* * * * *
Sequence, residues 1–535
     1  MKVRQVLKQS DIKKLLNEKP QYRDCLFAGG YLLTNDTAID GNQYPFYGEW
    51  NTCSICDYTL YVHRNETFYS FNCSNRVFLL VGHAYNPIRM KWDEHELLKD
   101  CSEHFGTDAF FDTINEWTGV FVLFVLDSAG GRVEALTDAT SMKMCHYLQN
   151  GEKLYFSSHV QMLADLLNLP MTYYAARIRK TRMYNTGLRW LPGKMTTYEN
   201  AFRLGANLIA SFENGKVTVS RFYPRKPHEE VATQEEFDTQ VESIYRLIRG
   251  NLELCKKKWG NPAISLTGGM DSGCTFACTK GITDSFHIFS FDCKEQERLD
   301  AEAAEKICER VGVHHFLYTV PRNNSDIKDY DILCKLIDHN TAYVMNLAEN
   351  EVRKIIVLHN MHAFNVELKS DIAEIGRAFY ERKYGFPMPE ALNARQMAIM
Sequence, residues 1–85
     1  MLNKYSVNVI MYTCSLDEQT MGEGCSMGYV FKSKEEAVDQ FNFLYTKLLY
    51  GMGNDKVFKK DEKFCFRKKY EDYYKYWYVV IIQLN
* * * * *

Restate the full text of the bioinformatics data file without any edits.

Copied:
Sequence, residues 1–535
     1  MKVRQVLKQS DIKKLLNEKP QYRDCLFAGG YLLTNDTAID GNQYPFYGEW
    51  NTCSICDYTL YVHRNETFYS FNCSNRVFLL VGHAYNPIRM KWDEHELLKD
   101  CSEHFGTDAF FDTINEWTGV FVLFVLDSAG GRVEALTDAT SMKMCHYLQN
   151  GEKLYFSSHV QMLADLLNLP MTYYAARIRK TRMYNTGLRW LPGKMTTYEN
   201  AFRLGANLIA SFENGKVTVS RFYPRKPHEE VATQEEFDTQ VESIYRLIRG
   251  NLELCKKKWG NPAISLTGGM DSGCTFACTK GITDSFHIFS FDCKEQERLD
   301  AEAAEKICER VGVHHFLYTV PRNNSDIKDY DILCKLIDHN TAYVMNLAEN
   351  EVRKIIVLHN MHAFNVELKS DIAEIGRAFY ERKYGFPMPE ALNARQMAIM
Sequence, residues 1–85
     1  MLNKYSVNVI MYTCSLDEQT MGEGCSMGYV FKSKEEAVDQ FNFLYTKLLY
    51  GMGNDKVFKK DEKFCFRKKY EDYYKYWYVV IIQLN